The recipe is fairly straight forward. The sugars all all divided correctly step-by-step. I hope the end result was good! I have been making this for over 30 years. Always a hit with our family.

  2. Confusing which sugar goes where. I would suggest Separating crust and filling. We ended up having to much sugar in the crust I assume. Reread it multiple times instructions are messy. We have put it into chill we will see…

  3. Hi Linda! I’m so happy you loved the tart!! I tend to do the same thing….eat the whole darn tart myself ! I have made candied clementine orange slices. You may have seen them on my Instagram feed. I used them as a cake garnish. It’s a fairly old recipe that was posted on another blog that I contribute to weekly. If you go to and search clementine you may be able to find it if not just let me know and I would be happy to email you the recipe. Xo Debi

  4. I made this tart for company that cancelled at the last minute. It is so delicious, I ate the whole thing myself over the course of a week! I thought I saw something about making candied Meyer lemon slices on the site, but I cannot find it now. Please send me the recipe if you have it. Thanks, Linda

  5. well….that’s a great question. What I do is this…release it VERY slowly and hope that it stays together! What really helps is the fact that you are baking the crust prior to filling and chilling. That seems to help it stay nice and firm. Try to also release the pan when you take it out of the fridge. And make sure you plate in on a cake stand with the bottom of the tart pan still underneath. There is no way you are going to get it to slide off that round dish without it completely falling apart. No one will know the difference. Good luck and let me know if you liked the recipe! xo debi

  6. How do you release this tart from the pan? I always have trouble with that an usually serve it in the pan rather than having a mess. Lol. Haven’t tried this recipe yet, but would love to display the way you have.

  7. Made this for my cooking group get together over the weekend. Everyone raved over it and the recipe was requested by everyone!!

  8. Made this over the weekend for a Father’s Day BBQ – turned out perfectly and was such a hit! Totally delicious. And it was so easy to make. Thanks so much for the recipe!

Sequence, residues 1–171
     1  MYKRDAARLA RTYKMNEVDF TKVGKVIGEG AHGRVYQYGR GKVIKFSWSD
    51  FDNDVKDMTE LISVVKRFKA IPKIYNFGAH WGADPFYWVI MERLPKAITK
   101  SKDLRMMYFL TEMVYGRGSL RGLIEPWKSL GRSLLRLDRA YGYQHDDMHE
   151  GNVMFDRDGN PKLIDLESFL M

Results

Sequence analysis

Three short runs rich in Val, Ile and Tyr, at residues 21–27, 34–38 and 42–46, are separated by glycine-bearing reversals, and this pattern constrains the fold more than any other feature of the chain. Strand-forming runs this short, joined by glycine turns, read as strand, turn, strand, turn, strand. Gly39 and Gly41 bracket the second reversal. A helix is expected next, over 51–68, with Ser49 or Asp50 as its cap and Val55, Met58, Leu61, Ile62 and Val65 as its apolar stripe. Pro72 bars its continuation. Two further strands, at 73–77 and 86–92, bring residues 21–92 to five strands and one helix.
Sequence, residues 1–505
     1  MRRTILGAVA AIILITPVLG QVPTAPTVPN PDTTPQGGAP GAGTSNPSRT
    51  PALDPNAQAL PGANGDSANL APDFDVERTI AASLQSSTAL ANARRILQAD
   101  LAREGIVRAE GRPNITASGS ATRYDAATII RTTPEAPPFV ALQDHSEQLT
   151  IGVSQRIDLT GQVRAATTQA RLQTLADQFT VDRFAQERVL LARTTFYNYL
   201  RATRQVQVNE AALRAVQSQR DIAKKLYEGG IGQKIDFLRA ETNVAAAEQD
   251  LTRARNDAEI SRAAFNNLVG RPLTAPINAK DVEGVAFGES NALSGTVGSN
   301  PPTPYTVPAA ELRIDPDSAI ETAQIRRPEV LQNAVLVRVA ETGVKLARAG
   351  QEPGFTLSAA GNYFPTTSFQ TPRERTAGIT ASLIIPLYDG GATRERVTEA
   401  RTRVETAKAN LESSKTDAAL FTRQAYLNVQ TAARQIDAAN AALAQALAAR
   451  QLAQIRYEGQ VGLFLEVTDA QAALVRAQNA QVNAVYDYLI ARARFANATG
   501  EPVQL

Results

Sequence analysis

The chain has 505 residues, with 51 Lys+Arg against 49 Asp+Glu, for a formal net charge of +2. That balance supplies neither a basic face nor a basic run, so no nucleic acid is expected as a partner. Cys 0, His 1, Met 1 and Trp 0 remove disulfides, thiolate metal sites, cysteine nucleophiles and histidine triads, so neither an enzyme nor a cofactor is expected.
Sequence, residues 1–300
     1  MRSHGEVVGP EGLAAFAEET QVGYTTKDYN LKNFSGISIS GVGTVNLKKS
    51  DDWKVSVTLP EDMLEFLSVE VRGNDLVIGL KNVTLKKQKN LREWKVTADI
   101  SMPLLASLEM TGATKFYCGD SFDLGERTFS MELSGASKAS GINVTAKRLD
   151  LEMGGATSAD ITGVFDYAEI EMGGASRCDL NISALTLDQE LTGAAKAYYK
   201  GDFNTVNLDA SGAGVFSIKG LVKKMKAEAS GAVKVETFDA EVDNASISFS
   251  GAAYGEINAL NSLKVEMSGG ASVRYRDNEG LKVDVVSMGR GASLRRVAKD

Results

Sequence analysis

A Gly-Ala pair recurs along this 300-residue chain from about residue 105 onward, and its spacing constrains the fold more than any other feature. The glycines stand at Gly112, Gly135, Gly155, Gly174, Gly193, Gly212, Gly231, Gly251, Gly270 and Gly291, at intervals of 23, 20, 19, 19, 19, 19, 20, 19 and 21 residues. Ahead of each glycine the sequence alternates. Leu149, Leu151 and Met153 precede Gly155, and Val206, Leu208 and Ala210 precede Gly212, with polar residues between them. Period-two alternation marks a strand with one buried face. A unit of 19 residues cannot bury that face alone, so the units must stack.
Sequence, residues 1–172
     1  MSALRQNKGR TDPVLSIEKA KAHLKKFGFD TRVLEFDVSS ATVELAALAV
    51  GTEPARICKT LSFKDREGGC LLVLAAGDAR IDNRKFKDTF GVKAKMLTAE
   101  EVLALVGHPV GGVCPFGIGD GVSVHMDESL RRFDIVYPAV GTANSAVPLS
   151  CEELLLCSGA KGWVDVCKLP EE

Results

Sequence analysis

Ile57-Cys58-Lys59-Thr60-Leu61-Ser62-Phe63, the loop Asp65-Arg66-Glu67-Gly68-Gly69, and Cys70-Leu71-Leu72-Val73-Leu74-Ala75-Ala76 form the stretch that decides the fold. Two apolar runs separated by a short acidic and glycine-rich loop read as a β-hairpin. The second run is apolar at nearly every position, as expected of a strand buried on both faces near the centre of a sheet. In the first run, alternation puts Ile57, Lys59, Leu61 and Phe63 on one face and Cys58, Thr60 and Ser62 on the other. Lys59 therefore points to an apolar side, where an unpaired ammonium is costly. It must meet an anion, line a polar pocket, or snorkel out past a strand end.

9. Hi! I’m wondering if you used the right size tart pan? That’s why I doubled the crust so it would be nice and heavy when I released it from the pan. Also, did you use the Meyer lemons? They are much sweeter than regular lemons. Next time try using regular. Not sure why it was orange in color? Mine was a light almost white yellowish color. I made it the day before and it turned out great after it had a chance to set in the fridge.

  10. Hi Debi! To be honest, I think it was too much crust, too sweet for me. Also, the lemon pudding didn’t turn out like the color you had..mine was a little orangy looking. I actually made it on Saturday night so that it would be ready for the next day for brunch, celebrating Father’s Day. Do you have to serve this on the same day?! I would like to try making it again soon for my friends gathering!

  11. oopsie! My bad….I added the cinnamon as an extra boost for the crust but it’s totally optional. I will revise the recipe. Thanks for pointing that out. I think I wrote this blog when I was tired. ha ha!

  12. This looks delicious and I can’t wait to try it! I notice it says “add cinnamon” to the crust, but I don’t see a quantity for it.

  13. Oh my gosh…..thank you so much Mary Jo ! It means the world to me to hear such kind words. As a fairly new blogger and photographer I still have a long way to go but the adventure has a been so exciting. I love what I do and this blog is the perfect venue to express my passion with these recipes and photos.